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Unlocking opportunities: How housing and criminal justice agencies can work together for systemic change

Housing is shown to illustrate the idea of housing people with criminal justice backgrounds

In 2023, the United States had one of the highest incarceration rates in the world, with approximately 1.9 million people behind bars. Incarceration is a major contributor to homelessness, as evidenced by national data suggesting that in 2021, nearly 40,000 people left a correctional facility directly for a homeless shelter. 

This is almost certainly an undercount and does not capture the number of people leaving prisons for unsheltered homelessness (living on the streets or in buildings not intended for human habitation) or doubled-up homelessness (sharing housing with another household, which can lead to overcrowding and instability). Meanwhile, homelessness also drastically increases the risk of being arrested. Both incarceration and homelessness are damaging to individuals and extremely expensive for society. Research also shows that the people overwhelmingly harmed by this cycle of housing insecurity and criminal justice involvement are low-income people of color

Faced with these challenges, cities are realizing that they cannot reduce incarceration without tackling housing needs, and conversely, they cannot address housing needs without changes to the criminal justice system. The Center for Justice Innovation (CJI) partnered with the Housing Solutions Lab to study how localities can foster partnerships between housing and criminal justice agencies to take action. 

Read the full report, Housing Is Justice: Exploring State and Local Innovations, by Jessica Yager, Julian Adler, Sophia House, and Brianna Williams (CJI) and Martha Galvez, Claudia Aiken, Aisha Balogun, and Nora Carrier (Housing Solutions Lab).

How are housing and criminal justice connected?

Housing insecurity increases the risk of criminal justice involvement, which in turn limits access to stable housing. This creates a vicious cycle that disproportionately impacts people of color.

Pathway 1: Housing insecurity increases the risk of arrest.

    • People experiencing homelessness face criminalization for carrying out life-sustaining activities in public; homelessness itself is also criminalized.
    • When people are housing insecure, they are more likely to live in neighborhoods with higher crime rates, and so be exposed to/involved in crime.
    • Housing insecurity contributes to financial insecurity, anxiety, and despair,  which all increase the risk of resorting to crime.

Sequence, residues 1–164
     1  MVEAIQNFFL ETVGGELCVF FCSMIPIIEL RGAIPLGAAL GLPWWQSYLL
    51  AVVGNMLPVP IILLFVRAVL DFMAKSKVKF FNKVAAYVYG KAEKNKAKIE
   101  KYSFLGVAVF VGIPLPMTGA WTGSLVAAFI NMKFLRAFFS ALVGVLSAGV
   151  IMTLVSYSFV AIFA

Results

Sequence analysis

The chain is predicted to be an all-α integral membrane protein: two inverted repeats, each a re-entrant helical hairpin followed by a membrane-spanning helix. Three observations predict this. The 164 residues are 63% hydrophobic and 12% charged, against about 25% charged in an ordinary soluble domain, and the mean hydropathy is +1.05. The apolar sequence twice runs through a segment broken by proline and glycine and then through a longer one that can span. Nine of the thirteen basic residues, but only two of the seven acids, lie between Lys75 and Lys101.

• Housing Is a Crucial Safety Intervention, a report from Partners for Justice, reviews the empirical evidence to show how unstable housing increases crime, while housing stability reduces it.

Pathway 2: Housing insecurity prolongs detention and incarceration.

    • Lack of stable housing makes it less likely that someone will be released after arrest.
    • Housing instability makes it harder for people to engage in diversion programming and treatment courts.
    • Housing instability weighs into release decisions, since some judges and states have policies forbidding release or parole into homelessness.

Pathway 3: Criminal justice involvement creates barriers to housing.

    • Arrest, case processing, and detention can result in missed work, fines and fees, familial conflict, and other consequences that destabilize financial well-being and access to housing.
    • Applying for housing while incarcerated is challenging.
    • Private landlords often conduct background checks to screen out tenants with criminal records.
    • Eligibility criteria for housing assistance may exclude people with criminal records.
    • Partners for Justice’s report, Arrests Are Driving Housing Loss, reviews the evidence showing how interactions with the criminal justice system contribute to housing stability.

Pathway 4
: Shortages of affordable housing exacerbate these barriers.

    • In the private market, housing shortages give landlords significant power in selecting tenants and disadvantage low-income tenants, particularly those with a criminal record.
    • A scarcity of affordable and supportive housing can also be a factor in the deprioritization of people with criminal justice involvement.

Figure 1. The Cycle of Housing Insecurity and Criminal Justice Involvement

The cycle of housing insecurity and criminal justice involvement

How can cities intervene to disrupt the carceral-homelessness cycle?

Cities can take meaningful action at the intersection of housing instability and criminal justice involvement.